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News

Someone left this link in a comment to another post and I found it highly relevant today (and perhaps even more so given the current state of the job market) even though it was written mid-2008. Accounting graduates are flooding the streets according to CFO magazine (a subscription to the mag is free, by the way and is an easy way to pique the curiosity of your brown-nosing co-worker who will throw anyone under the bus if they feel it will make them look good to management… “what? he’s reading CFO magazine? why don’t I get CFO magazine? does he think he’s going to be CFO or what??? grrrrrr…did the company pay for the subscription? I bet they did. why didn’t I get one? that’s it – I’m done with this place…no one appreciates ME!!!” ) I know I’m preaching to the choir here, but being a CPA will set

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News

Here are my predictions for the January/February 2008 Wave 1 (NASBA) release. Keep in mind that approximately 75% of all eligible Wave 1 scores (exams taken January 2 – February 7) will get released in Wave 1. The rest will wait until Wave 2. If you don’t get your score in Wave 1 and you should have, don’t read too much into it. For those new to this little waiting game, the Illinois Board of Examiners site is the best place to go to see what is going on with score releases. Typically, IL, CA, and VA release their scores on their own state websites and NASBA follows suit with their score release one to two days later. By no means is this a perfect science, but the margin of error on any given prediction should be no more than two days. With that said, sometimes they switch AUD and

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Simulations

It is widely believed (and I held it to be true up until today) that only one simulation is graded on the CPA Exam. This is not true. Someone passed on to me some information from a contact at the AICPA in New York that both simulations are graded, but only one written communication is graded and the other communication is pre-test and doesn’t count. This doesn’t really affect anything that you do on exam day – it just reinforces the fact that budgeting enough time for the 2nd simulation is very important. Thanks for reading.

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Certificate/Licensing

I got a nice little packet in the mail last Saturday containing my four passing scores and their respective dates along with info about getting certified/licensed etc. The packet was from my state board of accountancy, but the scoring letter was from NASBA. NASBA apparently sends your state BOA the letter with your scores and then your state BOA sends it onto you in their “welcome to the club – sort of” packet. After I got my passing score online for FAR, I bought the ethics course from the AICPA, passed it, and submitted my paperwork to my state BOA before ever receiving any *official* confirmation from my state BOA. My state BOA had my certificate paperwork ($25 check for the certificate + a signed oath that I believe in the US Constitution and witnessed by another CPA who has to write down their certificate # along with their signature)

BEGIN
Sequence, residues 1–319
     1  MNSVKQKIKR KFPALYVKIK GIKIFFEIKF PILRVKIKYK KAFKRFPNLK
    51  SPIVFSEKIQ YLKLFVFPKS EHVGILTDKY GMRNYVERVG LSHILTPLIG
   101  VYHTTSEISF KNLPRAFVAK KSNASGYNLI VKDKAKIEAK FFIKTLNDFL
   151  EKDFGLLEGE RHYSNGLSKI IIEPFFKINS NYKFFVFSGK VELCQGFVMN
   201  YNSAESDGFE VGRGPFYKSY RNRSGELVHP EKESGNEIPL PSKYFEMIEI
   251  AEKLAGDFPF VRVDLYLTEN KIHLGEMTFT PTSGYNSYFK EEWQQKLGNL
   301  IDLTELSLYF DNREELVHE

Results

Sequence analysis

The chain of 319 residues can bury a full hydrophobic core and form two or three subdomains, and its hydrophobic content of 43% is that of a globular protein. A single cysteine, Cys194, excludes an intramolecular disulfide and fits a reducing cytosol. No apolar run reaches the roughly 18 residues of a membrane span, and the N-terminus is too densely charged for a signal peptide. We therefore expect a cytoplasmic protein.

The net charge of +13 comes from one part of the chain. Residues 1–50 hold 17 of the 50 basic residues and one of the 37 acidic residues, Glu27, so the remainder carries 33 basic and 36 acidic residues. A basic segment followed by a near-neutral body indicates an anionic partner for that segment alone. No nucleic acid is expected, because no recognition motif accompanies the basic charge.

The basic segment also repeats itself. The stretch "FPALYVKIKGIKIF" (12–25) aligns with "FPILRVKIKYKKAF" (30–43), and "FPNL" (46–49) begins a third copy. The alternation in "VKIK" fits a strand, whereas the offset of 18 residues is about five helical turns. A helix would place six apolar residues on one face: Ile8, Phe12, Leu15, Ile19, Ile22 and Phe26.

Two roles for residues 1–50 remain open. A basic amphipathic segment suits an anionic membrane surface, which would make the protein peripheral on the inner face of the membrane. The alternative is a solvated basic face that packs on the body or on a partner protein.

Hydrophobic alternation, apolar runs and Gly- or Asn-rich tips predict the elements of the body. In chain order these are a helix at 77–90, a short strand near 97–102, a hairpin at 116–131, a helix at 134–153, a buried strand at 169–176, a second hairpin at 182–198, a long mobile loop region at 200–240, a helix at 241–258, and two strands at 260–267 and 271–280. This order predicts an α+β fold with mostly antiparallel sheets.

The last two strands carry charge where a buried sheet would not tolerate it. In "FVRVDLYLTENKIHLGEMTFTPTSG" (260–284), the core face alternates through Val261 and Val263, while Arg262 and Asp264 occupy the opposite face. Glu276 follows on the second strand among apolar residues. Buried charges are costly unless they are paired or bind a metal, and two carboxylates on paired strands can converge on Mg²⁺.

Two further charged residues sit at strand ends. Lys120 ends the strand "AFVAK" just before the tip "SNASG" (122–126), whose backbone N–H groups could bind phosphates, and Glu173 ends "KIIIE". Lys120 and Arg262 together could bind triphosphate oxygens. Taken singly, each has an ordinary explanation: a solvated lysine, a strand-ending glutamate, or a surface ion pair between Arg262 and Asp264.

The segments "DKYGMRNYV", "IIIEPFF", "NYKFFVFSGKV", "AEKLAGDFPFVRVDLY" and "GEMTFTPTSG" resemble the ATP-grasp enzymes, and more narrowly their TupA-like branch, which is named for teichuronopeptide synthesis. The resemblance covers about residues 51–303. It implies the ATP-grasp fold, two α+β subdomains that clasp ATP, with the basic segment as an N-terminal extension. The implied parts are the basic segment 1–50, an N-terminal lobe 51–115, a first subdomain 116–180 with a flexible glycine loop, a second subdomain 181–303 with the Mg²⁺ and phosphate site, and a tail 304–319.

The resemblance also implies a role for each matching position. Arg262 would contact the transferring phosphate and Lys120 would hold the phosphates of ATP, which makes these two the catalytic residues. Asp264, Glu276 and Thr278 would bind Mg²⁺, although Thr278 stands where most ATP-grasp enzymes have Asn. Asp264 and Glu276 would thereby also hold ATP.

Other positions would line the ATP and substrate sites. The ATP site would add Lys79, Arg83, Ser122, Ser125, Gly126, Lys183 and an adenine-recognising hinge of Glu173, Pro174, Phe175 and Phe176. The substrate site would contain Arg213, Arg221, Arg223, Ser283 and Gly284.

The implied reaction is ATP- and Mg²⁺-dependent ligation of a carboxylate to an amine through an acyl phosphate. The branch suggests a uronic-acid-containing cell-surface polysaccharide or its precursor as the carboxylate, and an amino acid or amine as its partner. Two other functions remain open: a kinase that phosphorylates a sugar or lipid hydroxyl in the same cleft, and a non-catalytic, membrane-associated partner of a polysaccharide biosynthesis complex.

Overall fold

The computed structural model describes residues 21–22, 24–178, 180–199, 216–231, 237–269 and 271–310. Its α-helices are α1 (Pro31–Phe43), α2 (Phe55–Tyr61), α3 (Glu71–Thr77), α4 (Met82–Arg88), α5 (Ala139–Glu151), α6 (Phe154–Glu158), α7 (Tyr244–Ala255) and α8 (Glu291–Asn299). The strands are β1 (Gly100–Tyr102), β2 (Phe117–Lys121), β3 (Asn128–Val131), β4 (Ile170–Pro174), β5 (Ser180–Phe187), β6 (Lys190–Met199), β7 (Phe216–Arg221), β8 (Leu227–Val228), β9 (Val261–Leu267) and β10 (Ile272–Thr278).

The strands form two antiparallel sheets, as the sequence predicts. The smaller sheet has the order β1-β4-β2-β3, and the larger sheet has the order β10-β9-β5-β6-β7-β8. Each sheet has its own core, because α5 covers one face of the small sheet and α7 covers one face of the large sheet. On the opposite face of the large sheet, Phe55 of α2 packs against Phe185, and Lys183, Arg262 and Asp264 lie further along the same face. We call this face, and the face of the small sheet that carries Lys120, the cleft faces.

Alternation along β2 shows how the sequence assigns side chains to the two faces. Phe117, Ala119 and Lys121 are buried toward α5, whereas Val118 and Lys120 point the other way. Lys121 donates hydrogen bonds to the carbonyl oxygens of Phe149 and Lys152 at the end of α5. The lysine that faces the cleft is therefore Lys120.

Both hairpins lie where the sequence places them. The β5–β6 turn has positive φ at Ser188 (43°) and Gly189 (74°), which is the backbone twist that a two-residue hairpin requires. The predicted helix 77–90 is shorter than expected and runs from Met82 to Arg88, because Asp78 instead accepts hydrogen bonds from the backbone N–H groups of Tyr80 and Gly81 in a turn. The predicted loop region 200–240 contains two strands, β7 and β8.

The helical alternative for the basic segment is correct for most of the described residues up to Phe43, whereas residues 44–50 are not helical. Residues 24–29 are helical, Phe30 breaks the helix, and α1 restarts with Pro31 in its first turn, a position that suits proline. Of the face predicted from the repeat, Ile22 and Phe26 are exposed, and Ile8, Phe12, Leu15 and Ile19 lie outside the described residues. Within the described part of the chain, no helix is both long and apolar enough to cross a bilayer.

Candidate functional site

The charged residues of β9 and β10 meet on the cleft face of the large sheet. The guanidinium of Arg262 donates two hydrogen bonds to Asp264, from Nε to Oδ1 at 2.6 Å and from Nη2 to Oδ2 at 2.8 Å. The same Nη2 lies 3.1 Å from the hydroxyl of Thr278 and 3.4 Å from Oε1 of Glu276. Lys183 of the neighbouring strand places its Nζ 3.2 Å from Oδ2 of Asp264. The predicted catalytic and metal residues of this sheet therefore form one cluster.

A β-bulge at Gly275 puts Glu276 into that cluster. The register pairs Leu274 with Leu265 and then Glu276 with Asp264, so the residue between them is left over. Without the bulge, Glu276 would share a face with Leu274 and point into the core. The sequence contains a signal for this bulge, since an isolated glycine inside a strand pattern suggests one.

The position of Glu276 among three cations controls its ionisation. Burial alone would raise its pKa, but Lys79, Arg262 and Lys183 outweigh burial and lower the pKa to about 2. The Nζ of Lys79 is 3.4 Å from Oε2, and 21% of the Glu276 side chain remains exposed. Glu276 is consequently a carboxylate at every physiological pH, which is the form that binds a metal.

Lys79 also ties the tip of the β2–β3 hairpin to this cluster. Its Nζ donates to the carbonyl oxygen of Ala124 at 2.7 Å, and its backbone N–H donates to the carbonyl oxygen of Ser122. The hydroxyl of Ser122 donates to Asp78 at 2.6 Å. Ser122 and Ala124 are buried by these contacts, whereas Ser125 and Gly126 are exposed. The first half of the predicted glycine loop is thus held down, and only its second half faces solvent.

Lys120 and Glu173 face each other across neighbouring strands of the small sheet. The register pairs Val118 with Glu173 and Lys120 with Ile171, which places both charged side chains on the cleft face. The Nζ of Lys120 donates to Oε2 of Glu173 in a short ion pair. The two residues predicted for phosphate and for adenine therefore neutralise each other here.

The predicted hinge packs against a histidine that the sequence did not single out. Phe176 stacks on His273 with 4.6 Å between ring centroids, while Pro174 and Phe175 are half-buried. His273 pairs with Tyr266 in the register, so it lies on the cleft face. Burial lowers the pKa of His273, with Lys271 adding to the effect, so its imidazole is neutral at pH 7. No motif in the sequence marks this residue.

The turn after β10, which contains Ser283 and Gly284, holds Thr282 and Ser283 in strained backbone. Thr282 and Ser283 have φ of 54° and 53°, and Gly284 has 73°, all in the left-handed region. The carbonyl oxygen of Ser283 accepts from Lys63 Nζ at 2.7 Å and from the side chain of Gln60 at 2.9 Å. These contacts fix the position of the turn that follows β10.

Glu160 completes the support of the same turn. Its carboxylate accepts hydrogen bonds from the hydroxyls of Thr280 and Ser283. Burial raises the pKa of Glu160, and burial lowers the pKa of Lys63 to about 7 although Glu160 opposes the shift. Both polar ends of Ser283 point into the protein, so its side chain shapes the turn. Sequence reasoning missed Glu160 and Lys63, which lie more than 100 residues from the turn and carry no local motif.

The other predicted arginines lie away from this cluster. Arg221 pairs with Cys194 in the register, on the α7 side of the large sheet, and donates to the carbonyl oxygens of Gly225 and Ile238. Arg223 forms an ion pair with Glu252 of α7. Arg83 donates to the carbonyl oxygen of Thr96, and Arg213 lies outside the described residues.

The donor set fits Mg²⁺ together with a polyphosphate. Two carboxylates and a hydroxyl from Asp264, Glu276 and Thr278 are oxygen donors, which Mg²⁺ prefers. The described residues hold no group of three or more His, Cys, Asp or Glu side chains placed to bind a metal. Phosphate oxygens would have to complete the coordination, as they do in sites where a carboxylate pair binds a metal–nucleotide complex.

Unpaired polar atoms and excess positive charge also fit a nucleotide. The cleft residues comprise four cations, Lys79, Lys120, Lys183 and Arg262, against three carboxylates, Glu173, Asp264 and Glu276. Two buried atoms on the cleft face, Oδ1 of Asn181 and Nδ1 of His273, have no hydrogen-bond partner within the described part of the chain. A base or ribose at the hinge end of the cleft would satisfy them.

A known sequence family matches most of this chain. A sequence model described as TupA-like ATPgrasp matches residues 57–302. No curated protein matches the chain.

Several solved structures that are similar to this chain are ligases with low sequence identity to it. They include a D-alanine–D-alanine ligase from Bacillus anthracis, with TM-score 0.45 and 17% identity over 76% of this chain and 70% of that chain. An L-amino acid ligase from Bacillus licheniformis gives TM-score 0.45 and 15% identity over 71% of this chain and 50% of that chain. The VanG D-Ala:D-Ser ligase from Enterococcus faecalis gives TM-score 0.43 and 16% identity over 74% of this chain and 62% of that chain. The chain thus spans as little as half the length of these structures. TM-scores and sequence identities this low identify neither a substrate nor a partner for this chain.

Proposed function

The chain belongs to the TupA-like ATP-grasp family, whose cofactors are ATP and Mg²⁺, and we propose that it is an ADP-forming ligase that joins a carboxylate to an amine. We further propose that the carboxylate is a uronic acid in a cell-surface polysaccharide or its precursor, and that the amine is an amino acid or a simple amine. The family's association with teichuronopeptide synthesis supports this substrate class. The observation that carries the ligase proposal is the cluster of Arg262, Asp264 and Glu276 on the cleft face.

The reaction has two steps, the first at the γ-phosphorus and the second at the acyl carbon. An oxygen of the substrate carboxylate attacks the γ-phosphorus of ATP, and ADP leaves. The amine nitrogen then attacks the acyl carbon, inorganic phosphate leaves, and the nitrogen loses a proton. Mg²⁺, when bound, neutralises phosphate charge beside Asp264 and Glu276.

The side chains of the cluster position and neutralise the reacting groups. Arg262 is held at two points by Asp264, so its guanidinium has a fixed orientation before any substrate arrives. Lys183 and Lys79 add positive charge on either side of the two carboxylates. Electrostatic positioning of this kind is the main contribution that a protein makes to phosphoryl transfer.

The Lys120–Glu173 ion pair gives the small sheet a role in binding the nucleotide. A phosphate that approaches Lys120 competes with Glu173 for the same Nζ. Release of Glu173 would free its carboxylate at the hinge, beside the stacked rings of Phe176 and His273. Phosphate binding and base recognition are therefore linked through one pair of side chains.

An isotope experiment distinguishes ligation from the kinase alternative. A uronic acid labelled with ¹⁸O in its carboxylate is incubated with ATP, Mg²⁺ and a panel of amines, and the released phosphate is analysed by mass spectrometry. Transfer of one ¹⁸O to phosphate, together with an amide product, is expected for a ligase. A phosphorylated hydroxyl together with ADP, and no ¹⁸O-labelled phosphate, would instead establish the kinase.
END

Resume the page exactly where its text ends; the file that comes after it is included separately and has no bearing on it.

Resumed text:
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CPA Exam Pass Rates

I’m not really sure why this is. I’m guessing that there’s a logical reason why the CPA Exam pass rate dropped almost 9% overall in the fourth quarter compared to the third (feel free to clue me in if you know…maybe it’s obvious and I just don’t see it). The average passing rate for 2008 was 48.6% overall, which means that in a given sitting for a single section, 48.6% of the candidates passed that particular exam. Get the CPA Exam pass rates.

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Certificate/Licensing

Note – if you work in public accounting or plan on holding yourself out to the public as a CPA, then this information doesn’t apply to you – you need to meet your state’s CPA Exam requirements. This post will benefit those who are short on the 150 hour rule, but are only going to use the CPA designation as a “credential” within the private sector. Make sure you have full understanding on your respective state’s rules on holding yourself out as a Certified Public Accountant. I have a friend who resides and works in a state that requires candidates to meet the 150 hour rule before they can even sit for the CPA Exam. He’s 24 and works in SEC Reporting for a Fortune 500 company. After graduation, he sat for and passed the Certified Internal Auditor (CIA) Exam. He didn’t have 150 hours and his current work load

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